Consumer Reports defends the dunce cap it givesin the publication’s latest auto maker “report cards,” despite significant gaps in survey data used to generate its influential ratings.
The publication saysis “last in the class” for performance, comfort, utility and reliability – attributes measured with comprehensive road tests and a predicted reliability score derived from an annual reader survey.
Survey data is worth 50% of an auto maker’s grade and covers three model years. But the publication had no data for 16 ’10 Chrysler vehicles and 10 ’09 products.
David Champion, senior director of Consumer Reports’ auto test division, admits his group’s Chrysler data was “scarce” for some model years. But he warns data is a double-edged sword and might have painted an even grimmer picture.
“It could help or it could hinder (Chrysler’s rating); reliability may drop even further,” Champion tells Ward’s.
Dealers are not surprised by the low marks. “We’ve always felt, as Chrysler dealers, like Consumer Reports has never given us a fair shake,” says Chuck Eddy, owner of Bob and Chuck Eddy Chrysler Dodge Jeep and Ram in Austintown, OH.
“They don’t open the book completely,” says Eddy, who also sits on Chrysler’s national dealer board.
Chrysler quality chief Doug Betts is disappointed, but unfazed by the publication’s “conservative approach” to analysis.
“We know how the Consumer Reports system works,” he tells Ward’s in an e-mail. “If I was in their business, I’d take the same approach. Unfortunately it drives a delay in recognition of our improvement.”
In a statement, Chrysler calls the publication’s data “insufficient” because it is heavily weighted on the ’08 model-year. And the auto maker has said previously its warranty claims have declined dramatically since then.
Consumer Reports invites its readers to participate in its annual survey. This year, more than 1 million people did so, Champion says.
But such research practices are problematic, warns Philip Stark, a professor of statistics at the University of California, Berkeley.
“Those people who do participate typically are not representative (of a population) because they have reasons for participating,” Stark tells Ward’s.
“You’re going to tend to get people who love their cars or hate their cars. They’re either really happy and want to rave about their cars or they’re really (angry) and want a chance to gripe about it in public.”
Even if the publication compiled a random sample that was statistically valid, there still would be pitfalls.
“Their readers are not necessarily representative of car owners in general,” Stark says. “Despite the fact that they’re so numerous, they’re the kind of people who read Consumer Reports. And a lot of people don’t.”
Returning year-after-year to a pool of readers accustomed to seeing recommendations for auto makers such as, this year’s top performer, also can skew a sample. “It actually hurts us in some ways,” Champion admits.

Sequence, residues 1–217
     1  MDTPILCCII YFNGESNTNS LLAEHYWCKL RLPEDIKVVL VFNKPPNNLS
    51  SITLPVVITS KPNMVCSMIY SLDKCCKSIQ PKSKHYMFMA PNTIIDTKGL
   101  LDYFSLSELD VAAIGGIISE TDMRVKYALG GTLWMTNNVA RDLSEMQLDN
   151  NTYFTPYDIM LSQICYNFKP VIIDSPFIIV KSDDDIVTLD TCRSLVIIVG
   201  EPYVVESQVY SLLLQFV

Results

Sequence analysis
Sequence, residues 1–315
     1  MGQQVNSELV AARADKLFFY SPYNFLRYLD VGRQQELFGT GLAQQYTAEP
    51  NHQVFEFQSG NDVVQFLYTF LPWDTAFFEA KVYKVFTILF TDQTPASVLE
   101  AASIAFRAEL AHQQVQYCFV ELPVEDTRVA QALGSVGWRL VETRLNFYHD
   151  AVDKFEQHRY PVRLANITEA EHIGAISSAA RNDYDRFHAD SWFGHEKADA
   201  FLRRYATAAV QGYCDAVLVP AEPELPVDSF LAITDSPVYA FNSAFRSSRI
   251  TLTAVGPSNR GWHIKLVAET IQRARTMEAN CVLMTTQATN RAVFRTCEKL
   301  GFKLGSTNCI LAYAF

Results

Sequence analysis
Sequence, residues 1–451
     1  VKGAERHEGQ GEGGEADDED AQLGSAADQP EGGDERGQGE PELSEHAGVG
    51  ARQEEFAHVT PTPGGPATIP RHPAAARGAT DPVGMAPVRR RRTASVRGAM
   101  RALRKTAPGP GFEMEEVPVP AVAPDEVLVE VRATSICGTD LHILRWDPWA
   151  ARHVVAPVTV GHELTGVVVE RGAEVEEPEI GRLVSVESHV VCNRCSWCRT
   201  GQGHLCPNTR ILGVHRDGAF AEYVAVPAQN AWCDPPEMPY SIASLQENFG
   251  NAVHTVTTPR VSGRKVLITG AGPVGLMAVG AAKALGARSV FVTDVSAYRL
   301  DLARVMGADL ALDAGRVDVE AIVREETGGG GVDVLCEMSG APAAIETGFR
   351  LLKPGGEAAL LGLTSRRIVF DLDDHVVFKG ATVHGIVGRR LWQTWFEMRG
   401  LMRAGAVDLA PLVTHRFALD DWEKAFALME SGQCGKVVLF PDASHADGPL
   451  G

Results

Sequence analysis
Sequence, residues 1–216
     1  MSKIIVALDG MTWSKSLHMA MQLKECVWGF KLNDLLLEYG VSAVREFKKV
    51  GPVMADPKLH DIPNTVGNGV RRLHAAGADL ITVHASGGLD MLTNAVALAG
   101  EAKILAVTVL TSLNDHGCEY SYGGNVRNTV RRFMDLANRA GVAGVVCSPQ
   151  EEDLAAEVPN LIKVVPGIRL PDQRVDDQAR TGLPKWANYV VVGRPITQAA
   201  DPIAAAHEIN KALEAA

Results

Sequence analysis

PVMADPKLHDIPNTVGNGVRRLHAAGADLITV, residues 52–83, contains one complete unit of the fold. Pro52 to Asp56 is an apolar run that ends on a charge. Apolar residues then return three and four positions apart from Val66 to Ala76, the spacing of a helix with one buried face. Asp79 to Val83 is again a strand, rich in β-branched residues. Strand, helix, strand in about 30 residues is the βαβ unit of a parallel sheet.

Stark, who had not seen the magazine’s methodology, tells Ward’s he is less concerned about gaps in model-year data. If the vehicles considered are high-volume, “maybe that is representative of what people typically buying Chrysler would get,” he says.
In its latest issue, Consumer Reports recommends a single Chrysler product that also happens to be its best-seller, the Ram fullsize pickup.
Betts is optimistic the auto maker’s performance will improve when Consumer Reports conducts its next survey. That’s because ’08 data will fall off the table.
“We’re confident that the 2011 cars that we’re currently launching will be well-received, even by Consumer Reports subscribers, and the (data gap) issue will be rectified this year,” he says in his e-mail.
Key quality-improvement initiatives show promise. Among them is a partnership with Roush.
Adapting test procedures employed by Chrysler alliance-partner, Roush employees subject production vehicles to thousands of additional miles of real-world use in five disparate U.S. climate zones.
Based on his behind-the-wheel experience, Champion says Chrysler vehicles are “headed in the right direction.”
In less than two years, the auto maker has introduced 16 new or significantly refreshed vehicles.
Eddy predicts the auto maker will catch up with itself within 12 months. Then he hopes to see upbeat headlines associated with Consumer Reports.
“Consumer Reports is very respected,” he says. “If we didn’t care about it, we wouldn’t want them for a third-party endorsement. I really would cherish the day that Consumer Reports says, ‘Chrysler is a viable product; go buy it.’”
But Champion offers no guarantees. Other auto makers also are improving, he says, noting half of the survey respondents reported no problems with their vehicles.
“You’re chasing a moving target,” he warns.
Joiningat the top of the Consumer Reports class are Subaru and , placing one-two-three for the third consecutive year.
Mercedes-Benz andreceives the lowest grades, after Chrysler, which recorded 94,636 light-vehicle sales in February for a 12.4% jump from year-ago, according to Ward’s data.
Through 2011, Chrysler sales are tracking 17% ahead of like-2010 on the strength of the Ram pickup and new-for-’11 Jeep Grand Cherokee midsize SUV.